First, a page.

This article examines the importance of foreign banks in the provision of credit to emerging market borrowers. It documents this along two dimensions: the share of total credit provided and the concentration of claims from different foreign banking systems. The share of credit from foreign banks in total credit to emerging market economies has fallen since the Great Financial Crisis, but still stands at 15-20% on average, with the remainder provided by domestic banks or non-bank creditors. ...

Following the imprint of the ECB's asset purchase programme on global bond and deposit flows

We trace the imprint of the ECB's expanded asset purchase programme (APP) on international bond portfolios and euro-denominated deposits. Our analysis suggests that non-bank financial institutions (NBFIs) located outside the euro area sold large volumes of euro area government bonds and kept a substantial fraction of the proceeds as euro-denominated deposits, primarily in UK-resident banks. ...

The growing footprint of EME banks in the international banking system

This special feature explores the role of banks from emerging market economies (EMEs) in global banking. Over the past decade, the cross-border activity of EME banks has been growing at a faster pace than that of banks from advanced economies. This has been largely driven by increasing EME-to-EME interlinkages, which often make up more than half of EMEs' cross-border borrowing. EME banks make use of their global networks of affiliates abroad for the majority of their cross-border lending to other EMEs. In the cross-border interbank market, EMEs with more developed banking systems tend to be net recipients of funds, whereas EMEs with less developed ones tend to be net providers. ...

Dollar credit to emerging market economies

We profile the US dollar debt incurred by borrowers in a dozen prominent emerging market economies (EMEs). These countries account for the bulk of total US dollar debt owed by EMEs. We measure the dollar borrowing of non-banks resident in these economies as well as that of their affiliates offshore, and relate these items to commonly used debt measures. We also discuss the limitations of our data. These data fail to ...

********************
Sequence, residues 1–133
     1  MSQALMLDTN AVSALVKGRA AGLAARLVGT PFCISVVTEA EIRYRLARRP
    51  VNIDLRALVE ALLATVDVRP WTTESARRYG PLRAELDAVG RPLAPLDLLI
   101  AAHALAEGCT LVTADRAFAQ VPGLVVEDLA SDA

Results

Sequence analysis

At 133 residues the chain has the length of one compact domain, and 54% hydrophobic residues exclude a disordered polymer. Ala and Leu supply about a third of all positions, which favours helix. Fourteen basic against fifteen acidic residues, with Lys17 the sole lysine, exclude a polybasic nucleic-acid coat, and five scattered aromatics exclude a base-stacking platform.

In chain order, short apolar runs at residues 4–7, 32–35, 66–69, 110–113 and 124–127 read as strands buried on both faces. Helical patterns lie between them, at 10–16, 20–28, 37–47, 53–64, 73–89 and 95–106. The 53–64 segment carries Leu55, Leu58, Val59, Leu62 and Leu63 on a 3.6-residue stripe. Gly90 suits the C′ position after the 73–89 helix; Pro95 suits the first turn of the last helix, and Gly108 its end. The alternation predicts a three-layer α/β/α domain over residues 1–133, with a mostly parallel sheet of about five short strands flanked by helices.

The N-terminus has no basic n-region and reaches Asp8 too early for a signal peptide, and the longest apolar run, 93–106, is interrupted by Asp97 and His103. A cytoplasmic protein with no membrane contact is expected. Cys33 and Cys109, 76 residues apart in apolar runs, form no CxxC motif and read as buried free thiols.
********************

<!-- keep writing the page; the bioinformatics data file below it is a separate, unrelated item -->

Rapid credit growth and international credit: challenges for Asia

Very low interest rates in major currencies have raised concerns over international credit flows to robustly growing economies in Asia. This paper examines three components of international credit and highlights several of the policy challenges that arise in constraining such credit. Our empirical findings suggest that international credit enables domestic credit booms in emerging markets. Furthermore, we demonstrate that higher levels of international credit on the eve of a crisis are associated with larger subsequent contractions in overall credit and real output. In Asia today, international credit generally is small in relation to overall credit - as was not the case before the Asian crisis. So even though dollar credit is growing very rapidly in some Asian economies, its contribution to overall credit growth has been modest outside the more dollarised economies of Asia.

Global credit and domestic credit booms

US dollar credit is growing quickly outside the United States, especially in Asia, and in some economies it has outpaced overall credit growth. Cross-border sources of credit bear watching in view of their record of outgrowing overall credit in credit booms. Foreign currency and cross-border sources of credit raise policy issues.

The outsize role of cross-border financial centres

Financial centres that cater predominantly to non-residents account for an outsize share of cross-border financial activity. These so-called cross-border financial centres are typically located in small economies, in contrast to global financial centres located in large economies. Economies of scale and scope benefit global centres, but physical distance works against the tendency of financial activity to concentrate. So do regulation and taxation, which have set cross-border financial centres apart and propelled their rise. At the same time, these centres pose challenges to regulatory consistency across countries and complicate the analysis of capital flows.

Global banks' local presence: a new lens

In this feature, the authors examine a new dataset on global banks' foreign branches and subsidiaries. They find that branches, which facilitate especially international corporate banking, have grown relative to locally focused subsidiaries. Branches are riskier for host countries, and authorities, particularly in advanced economies, seem to have tightened control over them. 

The resilience of banks' international operations

This feature explores the resilience of banks' balance sheets after the 2008-09 financial crisis through the lens of a unique global data set crossing bank nationality and host country. We start by documenting post-crisis changes in the structure of BIS reporting banks' global operations across bank nationalities. We then zero in on the funding mix of banks' foreign affiliates (branches and subsidiaries) on the eve of the crisis, and how it ...

Non-US banks' claims on the Federal Reserve

Non-US banks' affiliates in the United States took on about half of the claims on the Fed that it created to pay for its large-scale bond purchases. They did so largely through uninsured branches that were not subject a new FDIC charge on wholesale funding payable by US-chartered banks.